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Isolated Sales Exemption in the New York Franchise Act

Wednesday, March 7th, 2012

N.Y. CLS Gen. Bus. Law § 684(3)(c) of the New York Franchise Act provides an exemption to franchisors from the general registration requirements of the Act for what is deemed an “isolated franchise sale.”  Under this exemption, no franchisor is required to register its FDD/UFOC in New York where:

(1)   “The transaction is pursuant to an offer directed by the franchisor to not more than two persons . . .

 (2)   if the franchisor does not grant the franchisee the right to offer franchises to others,

 (3)   a commission or other remuneration is not paid directly or indirectly for soliciting a prospective franchisee in this state, and

 (4)   the franchisor is domiciled in this state or has filed with the department of law its consent to service of process on the form prescribed by the department.”  N.Y. CLS Gen. Bus. Law § 684(3)(c).

 New York courts have interpreted § 684(3)(c) to mean in essence that  the sale of the first franchise unit is exempt from registration if the unit was only offered to a maximum of two people (See BMW Co., Inc. et al. v Workbench Inc. et al. (No. 86 CIV 4200 1988 WL 45594 (S.D.N.Y. April 29, 1988); CCH Business Franchise Guide ¶ 9104, at 18,850). 

This exemption is well settled law in New York:  “This isolated franchise sale exemption is potentially useful for new U.S. franchisors or foreign franchisors that are new to the United States. It permits them to sell one franchise in New York without having to register a disclosure document with the state.”  LJN, Law Journal Newsletters, Franchising Business & Law Alert, Volume 18, Number 4, January 2012, by George J. Eydt. 

Further, in a recent New York case, Burgers Bar Five Towns, LLC v. Burger Holdings Corp., 897 N.Y.S. 2d 502 (2d Dep’t 2010), again upheld the existence of the isolated franchise sale exemption under § 684(3)(c) provided the franchisor is able to meet the four prongs of the statute.  In reversing a summary judgment that had been entered by the trial court against a franchisor that had failed to register its UFOC/FDD, the appeals court stated that the matter be remanded back to the trial court to determine whether the franchisor indeed met the exemption factors.  Further, the appeals court held that even if the exemption was not available, the franchisee had to prove that it sustained damages as a result of the failure to register and that the failure to register was willful.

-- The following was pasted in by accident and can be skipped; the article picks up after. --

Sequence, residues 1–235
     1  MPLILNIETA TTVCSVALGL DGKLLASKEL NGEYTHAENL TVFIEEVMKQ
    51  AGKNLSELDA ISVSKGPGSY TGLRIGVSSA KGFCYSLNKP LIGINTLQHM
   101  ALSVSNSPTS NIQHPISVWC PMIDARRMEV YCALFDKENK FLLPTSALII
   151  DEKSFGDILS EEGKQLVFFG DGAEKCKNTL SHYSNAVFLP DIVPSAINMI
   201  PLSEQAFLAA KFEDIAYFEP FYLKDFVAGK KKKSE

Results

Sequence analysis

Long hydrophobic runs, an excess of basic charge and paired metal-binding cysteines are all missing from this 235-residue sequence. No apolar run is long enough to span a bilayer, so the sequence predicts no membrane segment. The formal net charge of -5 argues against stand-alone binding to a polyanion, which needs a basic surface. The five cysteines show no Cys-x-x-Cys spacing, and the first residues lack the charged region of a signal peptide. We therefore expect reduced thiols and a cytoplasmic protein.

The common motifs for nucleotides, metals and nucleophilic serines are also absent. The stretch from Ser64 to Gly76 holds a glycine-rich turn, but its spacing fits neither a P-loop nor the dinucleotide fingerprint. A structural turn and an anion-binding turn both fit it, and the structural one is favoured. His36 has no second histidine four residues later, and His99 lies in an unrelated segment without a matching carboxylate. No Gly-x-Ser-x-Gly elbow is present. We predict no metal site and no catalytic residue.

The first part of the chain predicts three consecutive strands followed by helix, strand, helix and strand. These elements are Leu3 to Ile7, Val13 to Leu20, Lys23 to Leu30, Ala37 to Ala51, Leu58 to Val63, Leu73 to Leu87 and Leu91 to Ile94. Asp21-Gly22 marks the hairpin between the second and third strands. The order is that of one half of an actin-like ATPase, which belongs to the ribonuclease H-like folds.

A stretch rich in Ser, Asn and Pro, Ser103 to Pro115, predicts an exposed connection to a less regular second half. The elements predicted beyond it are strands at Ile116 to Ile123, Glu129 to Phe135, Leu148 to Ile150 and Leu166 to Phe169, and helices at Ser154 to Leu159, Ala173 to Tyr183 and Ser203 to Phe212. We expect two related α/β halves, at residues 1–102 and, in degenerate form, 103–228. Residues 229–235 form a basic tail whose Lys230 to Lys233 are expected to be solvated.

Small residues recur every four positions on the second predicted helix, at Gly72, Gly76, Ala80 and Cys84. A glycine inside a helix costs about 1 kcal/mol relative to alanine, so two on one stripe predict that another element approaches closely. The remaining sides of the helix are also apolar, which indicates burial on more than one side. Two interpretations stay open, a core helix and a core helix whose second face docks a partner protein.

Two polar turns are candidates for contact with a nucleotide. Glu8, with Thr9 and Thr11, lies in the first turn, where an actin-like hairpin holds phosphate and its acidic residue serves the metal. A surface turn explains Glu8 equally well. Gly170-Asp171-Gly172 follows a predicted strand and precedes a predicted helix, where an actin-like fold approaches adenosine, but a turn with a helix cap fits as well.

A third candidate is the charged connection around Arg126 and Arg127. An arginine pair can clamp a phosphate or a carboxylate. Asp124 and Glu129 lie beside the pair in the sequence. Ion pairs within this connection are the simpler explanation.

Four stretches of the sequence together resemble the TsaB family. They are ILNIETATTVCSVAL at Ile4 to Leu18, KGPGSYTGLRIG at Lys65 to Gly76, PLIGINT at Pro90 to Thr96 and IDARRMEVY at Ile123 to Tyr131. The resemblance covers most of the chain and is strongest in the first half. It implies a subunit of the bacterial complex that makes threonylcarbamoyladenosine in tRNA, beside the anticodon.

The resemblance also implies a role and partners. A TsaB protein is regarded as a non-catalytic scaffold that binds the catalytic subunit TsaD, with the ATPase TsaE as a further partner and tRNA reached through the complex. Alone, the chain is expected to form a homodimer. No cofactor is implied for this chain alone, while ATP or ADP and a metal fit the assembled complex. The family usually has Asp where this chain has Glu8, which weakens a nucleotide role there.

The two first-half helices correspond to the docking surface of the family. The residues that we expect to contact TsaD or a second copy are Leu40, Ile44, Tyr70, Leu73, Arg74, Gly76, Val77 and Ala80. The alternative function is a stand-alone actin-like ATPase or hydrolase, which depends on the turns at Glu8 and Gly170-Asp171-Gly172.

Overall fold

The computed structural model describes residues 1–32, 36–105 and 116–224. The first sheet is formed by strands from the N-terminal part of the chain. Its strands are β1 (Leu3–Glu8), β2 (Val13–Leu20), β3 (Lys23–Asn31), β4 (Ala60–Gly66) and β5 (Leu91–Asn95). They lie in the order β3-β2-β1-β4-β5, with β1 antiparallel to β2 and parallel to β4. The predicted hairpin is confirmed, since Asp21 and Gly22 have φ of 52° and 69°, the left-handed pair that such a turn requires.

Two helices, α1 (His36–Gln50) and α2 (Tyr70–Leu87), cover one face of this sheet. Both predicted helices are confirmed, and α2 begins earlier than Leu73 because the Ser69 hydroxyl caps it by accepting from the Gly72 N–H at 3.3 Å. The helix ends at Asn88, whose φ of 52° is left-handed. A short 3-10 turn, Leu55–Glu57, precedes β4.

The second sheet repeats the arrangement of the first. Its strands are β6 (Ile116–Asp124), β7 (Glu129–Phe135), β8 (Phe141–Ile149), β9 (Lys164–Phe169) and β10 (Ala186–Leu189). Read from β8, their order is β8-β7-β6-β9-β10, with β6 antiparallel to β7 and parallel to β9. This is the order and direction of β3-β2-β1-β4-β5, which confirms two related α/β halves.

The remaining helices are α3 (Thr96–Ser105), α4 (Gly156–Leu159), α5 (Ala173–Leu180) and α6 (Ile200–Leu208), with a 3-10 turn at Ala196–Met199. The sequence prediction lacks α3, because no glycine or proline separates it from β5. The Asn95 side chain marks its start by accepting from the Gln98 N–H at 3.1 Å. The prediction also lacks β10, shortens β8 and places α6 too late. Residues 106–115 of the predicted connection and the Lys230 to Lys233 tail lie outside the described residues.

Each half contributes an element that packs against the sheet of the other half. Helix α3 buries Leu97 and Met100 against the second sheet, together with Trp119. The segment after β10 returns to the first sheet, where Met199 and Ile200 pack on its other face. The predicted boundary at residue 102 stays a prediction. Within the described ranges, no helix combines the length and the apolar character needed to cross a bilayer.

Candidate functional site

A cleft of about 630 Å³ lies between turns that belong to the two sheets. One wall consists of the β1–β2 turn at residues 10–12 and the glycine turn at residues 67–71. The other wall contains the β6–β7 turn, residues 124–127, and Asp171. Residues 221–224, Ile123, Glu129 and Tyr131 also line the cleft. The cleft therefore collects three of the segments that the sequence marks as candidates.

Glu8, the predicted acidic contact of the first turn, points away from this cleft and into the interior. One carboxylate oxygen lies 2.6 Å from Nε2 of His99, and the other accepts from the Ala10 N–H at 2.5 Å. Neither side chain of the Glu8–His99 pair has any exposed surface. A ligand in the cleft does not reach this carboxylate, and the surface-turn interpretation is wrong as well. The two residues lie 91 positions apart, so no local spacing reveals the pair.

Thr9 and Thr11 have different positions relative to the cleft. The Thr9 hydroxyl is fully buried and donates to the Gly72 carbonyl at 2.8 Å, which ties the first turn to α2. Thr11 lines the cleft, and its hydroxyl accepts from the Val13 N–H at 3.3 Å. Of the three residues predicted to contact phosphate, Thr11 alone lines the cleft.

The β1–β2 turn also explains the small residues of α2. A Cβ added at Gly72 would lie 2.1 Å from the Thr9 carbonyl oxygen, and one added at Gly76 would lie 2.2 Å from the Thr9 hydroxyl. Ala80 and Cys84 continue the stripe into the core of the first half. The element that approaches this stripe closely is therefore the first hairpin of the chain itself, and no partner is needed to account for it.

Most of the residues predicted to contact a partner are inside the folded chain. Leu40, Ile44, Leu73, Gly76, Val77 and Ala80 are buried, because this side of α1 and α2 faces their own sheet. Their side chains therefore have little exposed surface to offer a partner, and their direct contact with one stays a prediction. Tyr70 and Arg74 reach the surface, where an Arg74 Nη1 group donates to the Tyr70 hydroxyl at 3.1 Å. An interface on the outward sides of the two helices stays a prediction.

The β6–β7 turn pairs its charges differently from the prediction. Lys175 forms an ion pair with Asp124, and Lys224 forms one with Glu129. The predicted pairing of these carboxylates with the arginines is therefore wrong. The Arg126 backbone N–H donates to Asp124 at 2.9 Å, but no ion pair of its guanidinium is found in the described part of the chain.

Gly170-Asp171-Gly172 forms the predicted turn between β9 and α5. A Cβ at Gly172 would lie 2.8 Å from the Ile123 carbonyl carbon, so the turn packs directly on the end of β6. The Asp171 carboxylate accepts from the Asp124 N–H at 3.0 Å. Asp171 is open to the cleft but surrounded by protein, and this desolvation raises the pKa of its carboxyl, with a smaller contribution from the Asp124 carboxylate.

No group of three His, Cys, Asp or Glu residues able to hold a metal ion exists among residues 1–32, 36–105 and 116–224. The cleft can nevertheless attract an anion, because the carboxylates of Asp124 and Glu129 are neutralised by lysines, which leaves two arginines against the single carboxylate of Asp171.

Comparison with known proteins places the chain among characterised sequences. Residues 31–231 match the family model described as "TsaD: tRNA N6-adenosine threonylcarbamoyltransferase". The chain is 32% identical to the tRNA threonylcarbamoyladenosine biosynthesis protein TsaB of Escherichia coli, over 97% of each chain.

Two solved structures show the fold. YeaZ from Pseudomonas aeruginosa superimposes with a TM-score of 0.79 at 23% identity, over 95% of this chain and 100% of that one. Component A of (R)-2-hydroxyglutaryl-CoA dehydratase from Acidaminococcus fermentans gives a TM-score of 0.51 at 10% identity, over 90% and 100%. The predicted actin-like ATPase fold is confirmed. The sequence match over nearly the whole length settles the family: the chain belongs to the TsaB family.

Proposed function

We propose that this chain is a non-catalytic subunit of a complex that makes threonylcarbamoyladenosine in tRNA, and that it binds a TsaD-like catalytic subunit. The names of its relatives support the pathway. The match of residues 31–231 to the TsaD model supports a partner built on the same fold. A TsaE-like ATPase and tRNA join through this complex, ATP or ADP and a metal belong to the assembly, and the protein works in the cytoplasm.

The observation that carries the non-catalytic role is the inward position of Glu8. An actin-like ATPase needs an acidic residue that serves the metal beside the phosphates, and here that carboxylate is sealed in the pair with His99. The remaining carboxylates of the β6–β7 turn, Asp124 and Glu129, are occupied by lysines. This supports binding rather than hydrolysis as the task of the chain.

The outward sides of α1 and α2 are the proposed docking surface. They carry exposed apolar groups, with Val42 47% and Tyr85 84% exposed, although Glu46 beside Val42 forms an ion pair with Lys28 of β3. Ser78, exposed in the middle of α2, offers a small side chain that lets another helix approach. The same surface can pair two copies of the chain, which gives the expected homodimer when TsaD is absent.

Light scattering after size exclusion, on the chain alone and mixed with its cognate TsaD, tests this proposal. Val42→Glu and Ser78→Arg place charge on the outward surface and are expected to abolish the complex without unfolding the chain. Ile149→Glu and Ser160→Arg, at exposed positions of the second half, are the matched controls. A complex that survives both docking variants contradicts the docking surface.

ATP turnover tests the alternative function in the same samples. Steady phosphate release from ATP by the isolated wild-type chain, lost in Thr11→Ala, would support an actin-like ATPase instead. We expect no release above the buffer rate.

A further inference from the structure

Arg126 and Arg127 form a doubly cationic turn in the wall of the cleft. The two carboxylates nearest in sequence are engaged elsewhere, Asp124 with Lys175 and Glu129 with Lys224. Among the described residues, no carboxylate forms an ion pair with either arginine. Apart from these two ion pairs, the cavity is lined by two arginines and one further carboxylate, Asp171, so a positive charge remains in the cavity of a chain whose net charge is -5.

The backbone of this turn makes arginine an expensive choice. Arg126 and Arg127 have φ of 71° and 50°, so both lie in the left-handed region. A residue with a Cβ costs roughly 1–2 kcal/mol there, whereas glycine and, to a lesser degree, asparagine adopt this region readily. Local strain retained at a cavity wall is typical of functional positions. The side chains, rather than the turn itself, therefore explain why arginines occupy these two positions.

There is some support for the proposition that not only does § 684(3)(c) exempt a franchisor from the registration requirement of the New York Franchise Act for the isolated franchise sale, the franchisor is also exempted from the disclosure requirements of the Act.

§ 683(8) of the New York Franchise Law provides that:  “A franchise which is subject to registration under this article shall not be sold without first providing to the prospective franchisee, a copy of the offering prospectus, together with a copy of all proposed agreements relating to the sale of the franchise.” 

No New York Court has yet delved this deeply into the disclosure exemption question.  The few Courts that have addressed the issue, BMW Co., supra, The National Survival Game of New York, Inc., supra, and Burgers Bar Five Towns, LLC, supra., have either failed to examine the relationship between the two statutes, or resolved the merits of their cases on other grounds.